I looked up LDI, as I had done when I heard about it over the summer and again before seeing the naturopath. As best I can tell, people herx when they take it. Then their symptoms go away for a while. Maybe the enzyme additive has a bactericidal property as well as an immune suppressing property. I can’t be sure. I can say that anything gets better but keeps coming back and causing symptoms is a foreign agent and probably not purely the body attacking itself. (I think this is true of rheumatoid arthritis and multiple sclerosis, rather than seeing those diseases as proof that CLD is autoimmune.) But I recognize that mine is an opinion and that others look at the same patterns and come to an opposite conclusion.

All this pondering and self-questioning about my conclusions bring me back to Occam’s Razor: among competing hypotheses, the one with the fewest assumptions should be selected.

My hypothesis is that persistent Lyme and tick-borne infection symptoms are caused by persistent infections. The assumptions:

  1. There has been an acute infection that generated symptoms.
  2. Some of the microbes are not killed by antibiotics.
  3. Surviving microbes live on in tissue that is not affected by the immune system or antibiotics.

The autoimmune hypothesis states that persistent Lyme and tick-borne infection symptoms are caused by an autoimmune dysfunction. The assumptions:

  1. There has been an acute infection that generated symptoms.
  2. Antibiotics can penetrate all tissue that the microbes are known to infect.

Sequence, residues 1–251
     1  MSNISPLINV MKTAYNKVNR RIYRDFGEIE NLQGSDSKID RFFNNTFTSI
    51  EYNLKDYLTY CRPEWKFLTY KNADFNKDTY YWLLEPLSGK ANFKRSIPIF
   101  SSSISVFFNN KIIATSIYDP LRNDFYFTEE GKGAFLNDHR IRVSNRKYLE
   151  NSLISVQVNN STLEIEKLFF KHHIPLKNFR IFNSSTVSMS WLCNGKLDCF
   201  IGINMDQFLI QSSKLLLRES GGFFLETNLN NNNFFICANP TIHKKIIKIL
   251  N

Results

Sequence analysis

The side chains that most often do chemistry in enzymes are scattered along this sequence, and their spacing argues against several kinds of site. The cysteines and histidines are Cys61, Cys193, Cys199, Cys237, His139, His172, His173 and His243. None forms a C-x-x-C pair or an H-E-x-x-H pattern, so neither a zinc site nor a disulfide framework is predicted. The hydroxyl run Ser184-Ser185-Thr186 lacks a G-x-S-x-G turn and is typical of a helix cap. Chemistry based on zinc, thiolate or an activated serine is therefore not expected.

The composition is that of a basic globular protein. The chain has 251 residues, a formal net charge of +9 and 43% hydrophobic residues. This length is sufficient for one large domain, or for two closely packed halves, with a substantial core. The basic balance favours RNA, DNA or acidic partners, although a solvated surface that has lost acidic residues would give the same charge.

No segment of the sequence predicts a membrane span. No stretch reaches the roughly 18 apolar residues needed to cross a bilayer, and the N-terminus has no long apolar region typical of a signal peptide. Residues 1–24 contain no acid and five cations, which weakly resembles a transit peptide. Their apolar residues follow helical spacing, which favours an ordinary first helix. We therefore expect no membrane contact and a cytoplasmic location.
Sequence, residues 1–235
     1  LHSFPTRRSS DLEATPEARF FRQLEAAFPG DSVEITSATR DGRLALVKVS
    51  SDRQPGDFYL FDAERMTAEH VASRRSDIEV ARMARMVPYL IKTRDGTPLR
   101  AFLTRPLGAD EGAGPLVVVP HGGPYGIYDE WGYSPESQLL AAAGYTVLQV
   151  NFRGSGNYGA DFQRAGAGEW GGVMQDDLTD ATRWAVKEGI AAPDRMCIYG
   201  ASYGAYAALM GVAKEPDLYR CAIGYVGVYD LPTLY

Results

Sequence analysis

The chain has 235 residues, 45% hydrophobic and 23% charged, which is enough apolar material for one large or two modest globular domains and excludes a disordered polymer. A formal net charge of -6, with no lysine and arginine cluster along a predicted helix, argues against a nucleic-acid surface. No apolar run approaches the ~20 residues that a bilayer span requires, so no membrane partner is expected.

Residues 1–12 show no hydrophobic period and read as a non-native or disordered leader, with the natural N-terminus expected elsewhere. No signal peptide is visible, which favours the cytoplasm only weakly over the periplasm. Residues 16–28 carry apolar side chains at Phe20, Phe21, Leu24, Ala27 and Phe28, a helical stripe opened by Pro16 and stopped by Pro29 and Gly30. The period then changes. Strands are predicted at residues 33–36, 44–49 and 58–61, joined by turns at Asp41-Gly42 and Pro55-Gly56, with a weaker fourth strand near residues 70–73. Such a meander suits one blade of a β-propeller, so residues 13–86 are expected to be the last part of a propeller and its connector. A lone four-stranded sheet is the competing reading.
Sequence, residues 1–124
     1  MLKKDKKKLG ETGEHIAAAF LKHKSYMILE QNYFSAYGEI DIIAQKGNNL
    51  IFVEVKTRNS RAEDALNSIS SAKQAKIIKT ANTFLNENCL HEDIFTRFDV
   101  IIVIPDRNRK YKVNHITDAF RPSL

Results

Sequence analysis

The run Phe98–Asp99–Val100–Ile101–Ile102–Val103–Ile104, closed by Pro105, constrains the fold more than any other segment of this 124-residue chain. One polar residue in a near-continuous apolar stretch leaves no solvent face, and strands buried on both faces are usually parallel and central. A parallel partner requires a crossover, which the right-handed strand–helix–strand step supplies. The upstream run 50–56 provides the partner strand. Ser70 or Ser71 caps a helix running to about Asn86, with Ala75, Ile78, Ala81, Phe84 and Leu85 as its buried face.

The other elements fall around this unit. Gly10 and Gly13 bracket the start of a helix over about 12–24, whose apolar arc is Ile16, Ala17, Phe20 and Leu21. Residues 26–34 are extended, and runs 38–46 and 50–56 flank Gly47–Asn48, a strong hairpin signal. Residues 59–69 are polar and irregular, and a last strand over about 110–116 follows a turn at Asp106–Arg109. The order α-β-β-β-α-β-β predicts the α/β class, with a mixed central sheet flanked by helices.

3. All microbes have been killed by antibiotics. (Or any remaining microbes cease to cause symptoms.)
  4. The microbes cause the body to generate antigens that cross react with host tissue (though this has never been shown in a lab).
  5. The body never ceases to produce these autoimmune antigens (or other autoimmune agents).

Just based on numbers, my hypothesis has fewer assumptions. The assumptions themselves also seem less suspect, given that in autopsies, bacteria from Lyme and other tick-borne infections have been cultured from the tissue of symptomatic patients who have been extensively treated with antibiotics.

So my working hypothesis may be ideological, but it is also logical. And from the perspective of someone who could transmit the disease (if might still be in the body) to a fetus, it is the more conservative hypothesis.


As I wrote almost 2 weeks ago, I’ve started physical therapy for the litany of problems and persistent pain in my left foot. After the third session, during which the therapist massaged up a tight section of my left calf, my ankle was released. The pain was reduced by an order of magnitude. I could walk a lot better.